The Intentions of the Film Director

Why do I want to make this film?

I have been accompanying adventurers into wide open spaces for many years. For example, I have co-organised and taken part in Arthur’s Alaskan adventure portrayed in the film entitled “Le Pouvoir des Rêves” [The Power of Dreams].

The adventures of the expedition related here is the most ambitious one I have ever set up: one month of total independence with 4 other less experienced adventurers, in the furthest outreaches of northern Canada, to descend the Nahanni, one of the wildest rivers on earth, and to climb a legendary wall of 800 m.

It was great from a sports, scenery and human point of view. However, this expedition has been particularly special to me. Descending the Nahanni was like going back to childhood. At the age of 15 indeed, I was absolutely spell-bound by the book ‘Nahanni’, the last book ever written by Roger Frison Roche and ‘Victoire sur la Nahanni’ [Victory over the Nahanni], an account of the very first descent. These books literally propelled me into Adventure with a capital letter. Time flies, and of course, there will be other expeditions, but I realised along the way that this is going to be my very last great climb, my very last ‘big wall’. I have been lucky enough to share this important transition for me with climbing companions, who have been able to understand this emotive handing over of the baton.

This is also my very first film as a director. This signals a whole new chapter in the pursuit of my passion for transferring knowledge.

Why do I so often go on expeditions with youngsters?

Firstly, what I like is the silence and the rhythm that these large open spaces impose upon you. I also like climbing, packrafting, Nordic cross-country and Alpine downhill skiing, walking, etc. Every year, it becomes harder and harder for me to find people of my age to come along with me. I have therefore solved this problem by setting out with youngsters, who actually present me with a real challenge. Over the years, I have become a privileged witness of the succession of generations and the evolution of their mentalities and motivations.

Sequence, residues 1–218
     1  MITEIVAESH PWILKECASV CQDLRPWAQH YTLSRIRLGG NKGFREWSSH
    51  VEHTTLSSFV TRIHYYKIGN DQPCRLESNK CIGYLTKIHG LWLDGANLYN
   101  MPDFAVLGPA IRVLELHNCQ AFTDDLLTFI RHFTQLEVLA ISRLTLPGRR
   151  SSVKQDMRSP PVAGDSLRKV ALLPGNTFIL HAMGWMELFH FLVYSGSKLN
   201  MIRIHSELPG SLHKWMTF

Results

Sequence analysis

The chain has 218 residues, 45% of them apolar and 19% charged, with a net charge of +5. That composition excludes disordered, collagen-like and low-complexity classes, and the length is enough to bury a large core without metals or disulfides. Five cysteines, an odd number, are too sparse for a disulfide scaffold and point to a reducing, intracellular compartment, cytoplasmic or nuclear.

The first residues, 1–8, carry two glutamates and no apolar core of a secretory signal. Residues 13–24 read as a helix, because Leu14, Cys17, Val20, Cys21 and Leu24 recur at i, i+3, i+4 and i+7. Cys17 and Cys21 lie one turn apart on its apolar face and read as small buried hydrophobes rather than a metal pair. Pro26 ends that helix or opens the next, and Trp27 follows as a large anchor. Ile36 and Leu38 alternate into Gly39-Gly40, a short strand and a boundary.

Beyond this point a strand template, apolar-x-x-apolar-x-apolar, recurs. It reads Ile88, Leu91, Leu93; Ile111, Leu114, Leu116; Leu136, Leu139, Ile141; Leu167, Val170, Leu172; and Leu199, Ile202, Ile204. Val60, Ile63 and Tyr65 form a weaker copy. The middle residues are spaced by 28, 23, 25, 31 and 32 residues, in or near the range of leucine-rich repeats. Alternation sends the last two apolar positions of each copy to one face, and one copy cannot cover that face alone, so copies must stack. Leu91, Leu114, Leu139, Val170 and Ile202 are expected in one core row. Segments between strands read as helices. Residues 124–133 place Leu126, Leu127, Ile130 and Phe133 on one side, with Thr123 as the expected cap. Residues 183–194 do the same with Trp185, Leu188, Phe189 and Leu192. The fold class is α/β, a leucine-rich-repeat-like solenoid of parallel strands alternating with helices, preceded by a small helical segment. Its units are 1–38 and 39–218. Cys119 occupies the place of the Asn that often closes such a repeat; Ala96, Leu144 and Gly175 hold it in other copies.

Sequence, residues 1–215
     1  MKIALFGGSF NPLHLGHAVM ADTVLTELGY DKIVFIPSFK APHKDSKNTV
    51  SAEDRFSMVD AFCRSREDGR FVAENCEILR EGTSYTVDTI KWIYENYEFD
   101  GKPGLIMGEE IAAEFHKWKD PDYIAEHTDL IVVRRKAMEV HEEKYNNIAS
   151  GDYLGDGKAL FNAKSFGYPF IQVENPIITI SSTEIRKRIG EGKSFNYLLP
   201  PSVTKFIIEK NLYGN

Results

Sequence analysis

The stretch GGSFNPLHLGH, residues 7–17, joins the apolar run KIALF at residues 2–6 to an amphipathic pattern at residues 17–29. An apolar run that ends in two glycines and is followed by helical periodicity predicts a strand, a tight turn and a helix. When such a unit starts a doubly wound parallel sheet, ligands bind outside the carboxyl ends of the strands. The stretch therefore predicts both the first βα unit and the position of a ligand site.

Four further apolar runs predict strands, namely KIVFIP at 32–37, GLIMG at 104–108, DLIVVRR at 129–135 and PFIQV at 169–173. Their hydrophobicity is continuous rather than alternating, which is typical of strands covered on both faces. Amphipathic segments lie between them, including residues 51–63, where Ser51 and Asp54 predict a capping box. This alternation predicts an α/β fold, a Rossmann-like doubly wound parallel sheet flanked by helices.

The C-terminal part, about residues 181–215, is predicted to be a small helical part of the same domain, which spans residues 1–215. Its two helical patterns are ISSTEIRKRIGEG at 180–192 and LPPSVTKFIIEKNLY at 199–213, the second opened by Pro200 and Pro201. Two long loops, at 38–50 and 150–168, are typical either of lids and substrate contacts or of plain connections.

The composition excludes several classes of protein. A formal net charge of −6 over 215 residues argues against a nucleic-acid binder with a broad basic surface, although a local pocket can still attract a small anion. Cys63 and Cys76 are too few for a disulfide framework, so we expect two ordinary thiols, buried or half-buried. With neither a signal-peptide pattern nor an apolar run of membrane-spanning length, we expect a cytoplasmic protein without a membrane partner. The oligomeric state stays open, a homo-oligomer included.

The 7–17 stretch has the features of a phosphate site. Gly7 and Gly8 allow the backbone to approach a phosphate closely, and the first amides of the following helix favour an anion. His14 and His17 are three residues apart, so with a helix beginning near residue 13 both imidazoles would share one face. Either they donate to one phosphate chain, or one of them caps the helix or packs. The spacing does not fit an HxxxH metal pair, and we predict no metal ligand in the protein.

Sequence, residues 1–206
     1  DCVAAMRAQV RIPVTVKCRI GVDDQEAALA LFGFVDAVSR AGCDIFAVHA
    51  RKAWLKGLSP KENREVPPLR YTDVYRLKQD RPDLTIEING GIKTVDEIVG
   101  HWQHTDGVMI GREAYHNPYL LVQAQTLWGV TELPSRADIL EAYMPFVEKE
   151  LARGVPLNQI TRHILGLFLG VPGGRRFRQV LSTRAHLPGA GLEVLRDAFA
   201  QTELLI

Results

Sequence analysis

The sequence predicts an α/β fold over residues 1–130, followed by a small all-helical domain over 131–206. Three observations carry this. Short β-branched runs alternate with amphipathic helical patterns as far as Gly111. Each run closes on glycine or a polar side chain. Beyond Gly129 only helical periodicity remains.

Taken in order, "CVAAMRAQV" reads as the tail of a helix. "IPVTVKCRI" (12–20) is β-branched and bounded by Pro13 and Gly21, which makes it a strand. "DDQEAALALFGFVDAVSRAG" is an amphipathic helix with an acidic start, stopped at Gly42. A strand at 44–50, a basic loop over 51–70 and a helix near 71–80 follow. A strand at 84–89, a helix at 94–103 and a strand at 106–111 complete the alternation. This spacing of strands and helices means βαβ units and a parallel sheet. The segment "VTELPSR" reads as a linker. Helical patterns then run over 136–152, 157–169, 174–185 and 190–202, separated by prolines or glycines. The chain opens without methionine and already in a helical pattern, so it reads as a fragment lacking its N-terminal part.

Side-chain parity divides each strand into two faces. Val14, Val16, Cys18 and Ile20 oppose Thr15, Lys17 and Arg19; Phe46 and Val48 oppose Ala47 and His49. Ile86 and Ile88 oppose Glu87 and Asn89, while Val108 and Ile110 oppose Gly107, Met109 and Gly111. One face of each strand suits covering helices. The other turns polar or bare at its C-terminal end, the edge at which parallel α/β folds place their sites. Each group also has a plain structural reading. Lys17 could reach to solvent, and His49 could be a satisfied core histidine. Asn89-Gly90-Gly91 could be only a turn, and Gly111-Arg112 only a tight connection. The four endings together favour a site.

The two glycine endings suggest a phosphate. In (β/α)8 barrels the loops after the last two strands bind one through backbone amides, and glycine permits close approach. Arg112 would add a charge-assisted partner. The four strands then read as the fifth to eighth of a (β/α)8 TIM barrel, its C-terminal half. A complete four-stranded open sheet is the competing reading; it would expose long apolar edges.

What is my added value in these expeditions, and what do they have to offer me?

We are living in an increasingly virtual world, in which everything has to happen faster and faster. I am convinced that adventure sports can act as an antidote. By inventing an adventure for ourselves, we can take control of the reins of our lives again, providing we keep to certain rules.

My greatest joy is to help very young people to get over the stage of doing crazy stuff with their friends, or the sporting challenges that they set themselves, and for them to open up to the silence and the rhythm of walking, to the paddling or the glide of the skis in these wide open spaces. That is where they discover their own inner music, and who they really are. That is where they take their masks off, and this triggers a different and more exciting way of relating to others.

At the same time, what I like most of all is to transfer knowledge, and to make these young adventurers, female and male, independent in risk management, which is necessary on these types of adventures. Rather than buying an ‘all inclusive’ prefabricated adventure, including the photos to be published on Facebook, I push them to come up with their own adventure and I try to help them to implement it themselves.

What has been the biggest challenge of this Canadian expedition for me?